Young Adult Lit/Crit

February 4, 2008

On Comics…

Filed under: comic/graphic texts — keithward @ 12:30 pm

This is my first post… my nerves will inevitably show… my god, it is as if we have been friends for a long time you and I, and it is only now that we are able to discuss the joy of comic books together. My name is Keith Ward and I am an English teacher at East Syracuse-Minoa high school. Karen has asked that on Thursday we meet, finally, and figure out how the comic book relates to both Y.A. and canonical literature. It is rather exciting isn’t it? Please feel free to bring all questions to the table. I am happy to discuss method, standard relevance, technique, and even apologetics if need be. I will bring several texts with me and share my approach to teaching the comic book/graphic novel and how these texts serve high school students in in ways that have been truly unexpected. I would be remiss not to mention that while the genre is itself as worthy as any other i know, my course is not strictly about comics. Rather, it is a study in semiotics and the comic books connection to ancient writing systems including the Egyptians, Mayans and a few Asian scripts. While the cultural value of ancient language seems a heavy weight compared to Superman and Maus,it is my contention that the comic book helps to preserve a contemporary connection to the semantic determinitives of early linguistics (Specifically Egypt). Subsequently, my students must wrestle with these before we ever crack a comic together. It seems this is always our quest… to understand language in a way that we (you and I here) are compelled to share its value with those who are and will be our students.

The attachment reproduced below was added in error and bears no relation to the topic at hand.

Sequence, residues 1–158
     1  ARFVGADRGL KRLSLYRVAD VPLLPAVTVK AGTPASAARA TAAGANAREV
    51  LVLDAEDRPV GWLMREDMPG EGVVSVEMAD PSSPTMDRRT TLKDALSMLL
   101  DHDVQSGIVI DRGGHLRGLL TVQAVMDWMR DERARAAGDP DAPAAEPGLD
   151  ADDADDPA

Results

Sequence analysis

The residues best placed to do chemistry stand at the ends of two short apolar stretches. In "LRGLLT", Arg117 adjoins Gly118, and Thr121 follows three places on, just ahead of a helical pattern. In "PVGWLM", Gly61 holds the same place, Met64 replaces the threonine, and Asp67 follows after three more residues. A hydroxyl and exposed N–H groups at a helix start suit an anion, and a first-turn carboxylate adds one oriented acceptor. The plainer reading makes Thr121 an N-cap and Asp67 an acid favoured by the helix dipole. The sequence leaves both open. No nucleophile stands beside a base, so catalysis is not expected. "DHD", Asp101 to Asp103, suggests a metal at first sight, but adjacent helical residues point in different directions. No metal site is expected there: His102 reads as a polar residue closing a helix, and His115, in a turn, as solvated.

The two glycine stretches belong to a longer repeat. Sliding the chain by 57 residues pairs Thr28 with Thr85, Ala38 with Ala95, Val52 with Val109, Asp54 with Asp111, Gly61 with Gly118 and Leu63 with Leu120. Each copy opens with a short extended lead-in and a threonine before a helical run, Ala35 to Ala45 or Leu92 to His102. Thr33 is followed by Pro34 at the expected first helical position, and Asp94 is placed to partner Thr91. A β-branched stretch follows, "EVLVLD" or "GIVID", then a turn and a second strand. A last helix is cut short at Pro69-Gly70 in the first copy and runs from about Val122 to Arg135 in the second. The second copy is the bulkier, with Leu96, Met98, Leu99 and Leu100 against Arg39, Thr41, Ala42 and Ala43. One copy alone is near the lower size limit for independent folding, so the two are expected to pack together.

In closing I must say that teaching, reading, and loving comics/sequential art is quite like loving film; no matter how much of the medium is digested there is always more to read/see and completing the task is quite frankly new friend an impossibility. I have read many graphic novels, but not all- I know a few things about the topic, but not everything, so please forgive me for the occasional blank stare, “I don’t know” or “let me look into that”. And if by some miracle I am able to make a lick of sense then we will know that it was only by the power of Greyskull. Until Thursday… keith ward

feel free to check out the class website, it is all use with permission. (Although if you steal from me I will never know…)  



  1. I’m really looking forward to meeting you. Your class sounds fascinating, and I’m sure we can all learn a lot from what you do.


    Comment by scrollman — February 4, 2008 @ 7:27 pm